Monday, 22 March 2010

Tourist Socks

The past 10 days my knitting had to be portable so that it could accompany me as I guided the delightful Dylann (my niece) and the angelic Alina (her friend) around the sights of London as they used March break to escape from the stresses of grade 12.

We began with the obligatory bus tour. I'm a fan of the bus tour - it gives the new London visitor a good overview of the sights and I always learn a new fact (or probably more accurately get reminded of an interesting fact that I learned last time but forgot). The tour also provides 2 hours of knitting time so I cast on a pair of socks using a gorgeous blue, green 'Duet' yarn from the Swell Yarn Shop. I love Duet Sock Yarn - the colours are gorgeous and it's great to work with. I finished a few inches before the tour ended.

In order to keep the neat little rows of colour and avoid pooling I replaced my usual heel flap with a short row heel -- a first for me! I think the heel flap will still be my 'go to' heel but it's nice to have another option in the repetoire.

I joined the kids for some shopping, visits to the galleries (I love the National Gallery and the Tate Modern amuses/baffles/annoys me!) and at performances of the Lion King and Les Mis. But as I've visited all of the big sights once (or twice!) I fell into a nice pattern of guiding them to attractions, finding the nearest Starbucks (not really selected for the coffee, more for the comfy chairs) and knitting away happily while they toured the Clink Prison, the Globe, the London Eye, Houses of Parliament, Westminster Abbey, St Paul's, the Tower of London, Tower Bridge, Madame Tussaud's, and of course glorious Greenwich Park.

This meant that by the time I packed them back off to Canada Dyl was not only well acquainted with the sights and history of London she was also the proud owner of two new pairs of socks. (The second pair was a pair of ribbed socks in DK weight yarn - Opal yarn. (I think.))

In return I had a week of a lot of laughs, lots of my favourite card game (and winning! Ha!) and singing our favourite songs.

A pretty good deal I think!

Monday, 8 March 2010

It's all about perspective

On Friday my friendly Amazon delivery man delivered my new television. I didn't particularly need a new television - my old one worked fine (although it isn't digital)(or HD) - but the mood just struck me and because Amazon Prime makes these things all too simple a day later my new 37" HD telly arrived. Too (foolish)(impatient)(both probably) to wait for help I risked my arms, back and the warranty by lugging the thing up two flights of stairs.

A few expletives and close calls later the tv was unpacked and set up. And suddenly, my old television, which seemed fine to me before looked TINY. Like some sort of handheld tv you'd carry with you on a coach trip and the new tv seems HUGE. Like a cinema screen.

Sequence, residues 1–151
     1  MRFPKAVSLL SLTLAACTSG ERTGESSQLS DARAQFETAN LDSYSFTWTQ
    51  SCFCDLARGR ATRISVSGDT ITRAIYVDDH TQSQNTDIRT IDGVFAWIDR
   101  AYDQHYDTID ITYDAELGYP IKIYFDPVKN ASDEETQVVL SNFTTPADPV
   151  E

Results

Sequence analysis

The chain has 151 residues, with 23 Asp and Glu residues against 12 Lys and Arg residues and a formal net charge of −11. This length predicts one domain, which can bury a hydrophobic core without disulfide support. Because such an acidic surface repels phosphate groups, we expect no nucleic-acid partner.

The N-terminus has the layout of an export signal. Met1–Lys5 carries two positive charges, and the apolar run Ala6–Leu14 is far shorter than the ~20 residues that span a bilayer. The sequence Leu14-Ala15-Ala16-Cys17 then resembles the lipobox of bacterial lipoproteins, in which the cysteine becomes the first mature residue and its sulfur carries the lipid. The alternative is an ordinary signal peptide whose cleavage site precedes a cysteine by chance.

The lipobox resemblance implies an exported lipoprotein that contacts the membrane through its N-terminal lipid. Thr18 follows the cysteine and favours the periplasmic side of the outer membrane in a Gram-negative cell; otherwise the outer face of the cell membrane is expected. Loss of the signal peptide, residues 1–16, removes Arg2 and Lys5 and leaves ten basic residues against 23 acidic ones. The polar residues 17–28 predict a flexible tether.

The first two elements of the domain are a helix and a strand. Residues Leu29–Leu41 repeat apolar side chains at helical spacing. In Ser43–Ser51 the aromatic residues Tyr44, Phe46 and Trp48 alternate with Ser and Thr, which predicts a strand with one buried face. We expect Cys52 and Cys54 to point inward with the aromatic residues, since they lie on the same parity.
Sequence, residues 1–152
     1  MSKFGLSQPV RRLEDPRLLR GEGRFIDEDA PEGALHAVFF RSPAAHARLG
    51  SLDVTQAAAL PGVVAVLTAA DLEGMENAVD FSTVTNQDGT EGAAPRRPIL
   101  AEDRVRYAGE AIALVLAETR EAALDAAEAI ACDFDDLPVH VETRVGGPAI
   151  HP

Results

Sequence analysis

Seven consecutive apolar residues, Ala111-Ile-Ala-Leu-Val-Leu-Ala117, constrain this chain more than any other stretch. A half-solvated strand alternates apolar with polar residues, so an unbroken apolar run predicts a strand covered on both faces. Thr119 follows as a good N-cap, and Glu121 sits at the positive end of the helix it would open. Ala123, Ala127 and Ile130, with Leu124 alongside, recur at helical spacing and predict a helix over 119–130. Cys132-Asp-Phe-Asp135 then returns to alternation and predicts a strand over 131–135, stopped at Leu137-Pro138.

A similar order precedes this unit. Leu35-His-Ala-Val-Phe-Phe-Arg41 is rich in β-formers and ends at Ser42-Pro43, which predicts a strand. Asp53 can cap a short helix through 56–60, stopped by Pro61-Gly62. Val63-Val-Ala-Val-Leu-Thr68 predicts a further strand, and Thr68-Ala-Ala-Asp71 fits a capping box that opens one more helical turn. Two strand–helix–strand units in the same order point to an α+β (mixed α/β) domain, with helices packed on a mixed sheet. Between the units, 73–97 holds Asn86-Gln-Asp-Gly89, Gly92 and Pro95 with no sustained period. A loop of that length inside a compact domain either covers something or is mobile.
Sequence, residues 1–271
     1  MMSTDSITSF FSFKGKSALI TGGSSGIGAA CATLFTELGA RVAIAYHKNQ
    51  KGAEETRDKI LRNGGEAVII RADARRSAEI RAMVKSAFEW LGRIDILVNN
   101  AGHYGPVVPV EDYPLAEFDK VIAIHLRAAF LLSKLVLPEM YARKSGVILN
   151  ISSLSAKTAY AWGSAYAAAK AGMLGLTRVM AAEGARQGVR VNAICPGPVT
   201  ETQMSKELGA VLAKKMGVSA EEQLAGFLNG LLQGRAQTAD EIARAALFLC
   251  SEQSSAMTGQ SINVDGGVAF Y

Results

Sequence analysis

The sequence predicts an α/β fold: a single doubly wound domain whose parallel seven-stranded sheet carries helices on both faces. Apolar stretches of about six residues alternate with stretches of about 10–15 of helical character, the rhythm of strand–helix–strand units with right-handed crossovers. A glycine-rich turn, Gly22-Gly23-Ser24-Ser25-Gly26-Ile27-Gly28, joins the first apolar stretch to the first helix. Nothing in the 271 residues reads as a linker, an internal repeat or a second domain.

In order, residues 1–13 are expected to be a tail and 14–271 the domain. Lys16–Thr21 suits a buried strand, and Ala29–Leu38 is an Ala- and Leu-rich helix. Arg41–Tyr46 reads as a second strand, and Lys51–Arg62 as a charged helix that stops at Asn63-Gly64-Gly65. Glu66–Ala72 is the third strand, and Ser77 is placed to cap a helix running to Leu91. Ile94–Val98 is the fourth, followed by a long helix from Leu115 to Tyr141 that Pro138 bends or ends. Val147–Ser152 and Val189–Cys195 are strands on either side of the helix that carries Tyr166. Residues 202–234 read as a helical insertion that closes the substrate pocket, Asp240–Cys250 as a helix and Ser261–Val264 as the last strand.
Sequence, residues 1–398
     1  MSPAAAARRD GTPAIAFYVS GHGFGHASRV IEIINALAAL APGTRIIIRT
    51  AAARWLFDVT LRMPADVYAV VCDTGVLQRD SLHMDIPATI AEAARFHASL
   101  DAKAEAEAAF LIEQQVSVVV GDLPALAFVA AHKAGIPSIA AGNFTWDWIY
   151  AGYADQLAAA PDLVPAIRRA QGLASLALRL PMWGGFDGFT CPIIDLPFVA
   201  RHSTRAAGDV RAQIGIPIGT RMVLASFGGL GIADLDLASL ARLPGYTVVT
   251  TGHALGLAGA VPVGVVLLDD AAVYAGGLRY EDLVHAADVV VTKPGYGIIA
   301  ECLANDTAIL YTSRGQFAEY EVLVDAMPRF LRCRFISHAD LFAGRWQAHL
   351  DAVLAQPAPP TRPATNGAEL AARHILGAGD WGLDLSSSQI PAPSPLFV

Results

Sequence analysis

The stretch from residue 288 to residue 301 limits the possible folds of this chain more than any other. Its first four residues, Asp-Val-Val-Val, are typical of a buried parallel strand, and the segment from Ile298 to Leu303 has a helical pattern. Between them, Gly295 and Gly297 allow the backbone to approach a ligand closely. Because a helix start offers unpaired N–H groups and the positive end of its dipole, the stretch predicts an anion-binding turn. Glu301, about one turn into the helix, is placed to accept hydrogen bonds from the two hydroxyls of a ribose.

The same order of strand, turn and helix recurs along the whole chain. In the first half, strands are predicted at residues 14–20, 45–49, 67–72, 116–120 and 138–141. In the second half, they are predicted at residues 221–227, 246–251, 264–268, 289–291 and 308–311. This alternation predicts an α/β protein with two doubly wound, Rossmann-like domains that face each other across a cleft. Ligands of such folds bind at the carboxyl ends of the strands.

And what does this have to do with knitting you are probably asking (to be honest I forgot myself) -- but it will all become clear (as soon as I remember).

When last we met I was ready to start the Queen Susan - the yarn was ordered and the pattern downloaded and printed (all 70 pages worth!).

The yarn arrived and it is gorgeous. But holy fine yarn batman! It's so thin!

For comparison here's a snap of some yarns I've used for projects over the past couple of years. There's the chunky yarn I used for Gen's caridigans, the aran weight yarn I used for my sister's Nantucket Jacket*, a dk weight, a sock weight, Jaggerspun Zephyr laceweight (a laceweight yarn I used for lots of my lace shawls) and the yarn I'm using for the Queen Susan.

Look how fine the Queen Susan yarn is -- it's no thicker than thread! Suddenly that laceweight Zephyr looks chunky.

But it is BEAUTIFUL yarn. Some of you may recall my whinging about the Shetland lace yarn I used for the Lerwick Shawl -- it was quite uneven and felt really fragile at some points. This yarn (designed and spun to the genius Fleegle's specifications and dyed by Artist's Palette) is evenly spun and doesn't make me feel it's a stitch away from snapping.

Working with a yarn this fine requires good pointy needles. I started the project with some standard Addi's but that was torture -- the pont wasn't nearly pointy enough. A trip to iKnit later and I was zooming along with a pair of Knit Pro (Knit Pick) circulars. (Zoom being a relative term.)

I haven't actually made much real progress - I did two repeats of the alternative centre before I decided that I wanted to make the original centre. So back to the starting line and not even a full repeat in this photo.

I've also been working on a pattern called Summer Night Top as a birthday present for Caroline. It's a pattern I fell in love with when I came across it - and I think it'll look great on her.

* Speaking of sweaters that look great on their recipients - here are some snaps of my sister in her Nantucket Jacket. I feel that my blog may be bringing my sister to her true calling as a model -- how fab does the Nantucket look on her??